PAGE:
Eugene hugs me as soon as I show up. “He nearly threw a tantrum when he heard you weren’t coming. He’s been sulking in his room, at least until I got your second text. He made me show it to him.”
“Sorry,” I say, and make a face.
Eugene laughs. “He’s still waiting to develop TK, you know. He’s extremely mad at me for trying to keep you away.”
“You did explain I have a job and life and stuff?” I ask.
“He should develop TK,” Darren adds, “he can join the class and hang out with Travis all he wants. Wouldn’t that be fun, Fox?”
I elbow him, but Eugene hugs him, too, saying, “I’m glad you’re feeling better.”
Darren pulls his case of pills out of his pocket and shakes it.
“Ah, right,” Eugene says, “that would be courtesy of the other half of our case, I take it?”
Darren and I exchange a quick glance, and he shrugs. “At least I know how long ‘sick’ is going to last with this bitch, so better than it could be.”
Eugene nods sympathetically and glances at me. “You going to need tomorrow off?”
I shrug. Nod. Get barreled over by a newly minted fourteen-year-old.
“Uncle Travis!” he shrieks.
“Hey, kiddo,” I say, trying to stand up again.
“I knew you wouldn’t really miss it!” he gloats, hugging my neck as hard as he can.
“I got you a present,” I choke out, and shove it into his hands.
“Thank you!” Lee screams, right into my ear, and then tears the wrapping off some alien thing.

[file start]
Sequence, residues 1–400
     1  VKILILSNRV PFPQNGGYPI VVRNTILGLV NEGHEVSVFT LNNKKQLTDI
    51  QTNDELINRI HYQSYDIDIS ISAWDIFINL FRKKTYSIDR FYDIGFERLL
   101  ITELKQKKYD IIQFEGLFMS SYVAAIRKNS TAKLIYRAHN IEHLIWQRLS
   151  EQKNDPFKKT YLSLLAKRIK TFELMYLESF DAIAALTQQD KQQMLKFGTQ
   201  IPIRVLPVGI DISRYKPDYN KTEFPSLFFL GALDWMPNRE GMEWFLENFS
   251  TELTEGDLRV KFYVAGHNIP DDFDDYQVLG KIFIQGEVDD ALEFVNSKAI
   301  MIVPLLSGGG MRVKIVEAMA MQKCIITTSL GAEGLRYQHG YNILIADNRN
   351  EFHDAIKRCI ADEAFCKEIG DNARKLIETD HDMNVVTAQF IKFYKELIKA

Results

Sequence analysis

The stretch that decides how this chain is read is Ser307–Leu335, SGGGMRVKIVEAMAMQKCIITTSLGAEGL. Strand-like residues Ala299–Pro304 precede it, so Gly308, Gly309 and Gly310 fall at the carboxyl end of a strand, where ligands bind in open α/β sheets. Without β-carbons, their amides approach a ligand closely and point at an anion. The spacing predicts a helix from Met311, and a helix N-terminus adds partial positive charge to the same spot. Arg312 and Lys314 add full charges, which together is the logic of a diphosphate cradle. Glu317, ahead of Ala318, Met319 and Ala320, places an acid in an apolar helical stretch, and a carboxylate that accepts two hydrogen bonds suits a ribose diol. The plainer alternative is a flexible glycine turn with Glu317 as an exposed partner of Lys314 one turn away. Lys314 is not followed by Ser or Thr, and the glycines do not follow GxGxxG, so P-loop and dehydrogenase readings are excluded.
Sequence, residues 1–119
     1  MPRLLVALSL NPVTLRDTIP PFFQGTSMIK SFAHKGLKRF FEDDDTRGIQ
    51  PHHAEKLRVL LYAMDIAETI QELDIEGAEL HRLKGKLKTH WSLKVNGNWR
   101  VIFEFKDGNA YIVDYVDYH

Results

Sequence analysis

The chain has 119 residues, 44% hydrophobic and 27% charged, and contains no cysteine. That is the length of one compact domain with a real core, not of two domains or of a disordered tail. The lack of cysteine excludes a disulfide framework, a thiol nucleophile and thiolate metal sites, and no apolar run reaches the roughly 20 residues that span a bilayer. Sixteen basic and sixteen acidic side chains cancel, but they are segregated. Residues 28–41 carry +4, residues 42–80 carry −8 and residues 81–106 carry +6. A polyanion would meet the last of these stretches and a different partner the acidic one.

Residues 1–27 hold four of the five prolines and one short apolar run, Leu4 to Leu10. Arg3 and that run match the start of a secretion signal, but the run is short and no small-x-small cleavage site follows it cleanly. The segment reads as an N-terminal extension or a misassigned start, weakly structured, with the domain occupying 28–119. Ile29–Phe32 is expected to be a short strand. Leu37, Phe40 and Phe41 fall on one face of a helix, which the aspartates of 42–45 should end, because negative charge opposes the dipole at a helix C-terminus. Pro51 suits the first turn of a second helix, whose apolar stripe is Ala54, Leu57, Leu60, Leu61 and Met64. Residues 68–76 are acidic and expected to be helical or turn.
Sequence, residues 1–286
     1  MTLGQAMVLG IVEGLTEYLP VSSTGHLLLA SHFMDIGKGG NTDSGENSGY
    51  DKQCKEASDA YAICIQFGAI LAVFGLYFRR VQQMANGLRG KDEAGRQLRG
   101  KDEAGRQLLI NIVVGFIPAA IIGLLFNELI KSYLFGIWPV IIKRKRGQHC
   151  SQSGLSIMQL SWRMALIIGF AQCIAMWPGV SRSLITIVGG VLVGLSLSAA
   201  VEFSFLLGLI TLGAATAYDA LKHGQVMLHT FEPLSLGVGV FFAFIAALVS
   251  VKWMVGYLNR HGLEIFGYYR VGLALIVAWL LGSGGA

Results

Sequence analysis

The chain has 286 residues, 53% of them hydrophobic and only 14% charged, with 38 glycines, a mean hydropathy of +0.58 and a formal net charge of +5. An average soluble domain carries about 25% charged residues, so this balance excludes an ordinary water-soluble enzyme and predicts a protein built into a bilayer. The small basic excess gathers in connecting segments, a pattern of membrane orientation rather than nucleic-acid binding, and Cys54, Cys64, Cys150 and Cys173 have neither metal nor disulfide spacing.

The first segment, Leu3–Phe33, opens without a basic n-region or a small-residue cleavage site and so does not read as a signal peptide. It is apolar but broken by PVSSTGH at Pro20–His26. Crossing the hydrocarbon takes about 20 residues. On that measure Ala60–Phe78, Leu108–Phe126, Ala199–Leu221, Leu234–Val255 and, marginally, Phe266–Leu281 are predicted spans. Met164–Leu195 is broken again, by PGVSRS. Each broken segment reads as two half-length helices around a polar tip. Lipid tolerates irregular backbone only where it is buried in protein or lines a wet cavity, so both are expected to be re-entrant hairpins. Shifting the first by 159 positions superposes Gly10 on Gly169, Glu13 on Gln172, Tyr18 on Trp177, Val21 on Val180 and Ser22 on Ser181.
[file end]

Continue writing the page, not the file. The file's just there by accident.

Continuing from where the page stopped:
“You’re welcome,” I tell him, even though I can’t even hear myself speak anymore.
“What is it?” Lee asks, voice full of apprehension and wonder.
“No idea,” I say.
His eyes light up in even greater joy, and I think, not for the first time, that if he’s going to develop powers, they’re more likely to be of the techie or esper persuasion than his beloved TK.
“It’s an alien something or other,” he says to his dad, tone low and awed. “Uncle Travis is the greatest. I’m going to work with him just as soon as I graduate.”
Eugene makes a moue of annoyed consternation.
“You know, Lee,” I say, “your dad works with this stuff, too. He can get you more whenever –”
“Man, whatever, fuck my dad’s lame job,” Lee says, and turns to his dad. “No one cares, Dad, stop trying to get Uncle Travis to vouch for you when you know he’s ten times cooler.”
I don’t really know what to do with that one.
Darren hands over his pen. “I got you a pen.”
Lee looks up at him in wary confusion, pulls the wrapping off, and stares at his present for a minute. “Huh. It is a pen.”
“Yeah,” Darren says. I’d like to blame it on the fact that he’s a little under the weather, but at least he hasn’t asked the kid what his name is.
Lee pauses for a minute, still staring at Darren. “Who the hell are you?”
“Well, I tried,” Darren says, shrugging and wandering off to find something to eat.
“That’s Darren,” Eugene says, “he works with us.”
“Really?” Lee says, suddenly more interested in the pen. “Cool.”
Eugene shrugs at me.
“Uncle Travis?” Lee asks, poking me with the pen.
“Yeah?” I say.
“Do the thing,” Lee says, and waves his hand around.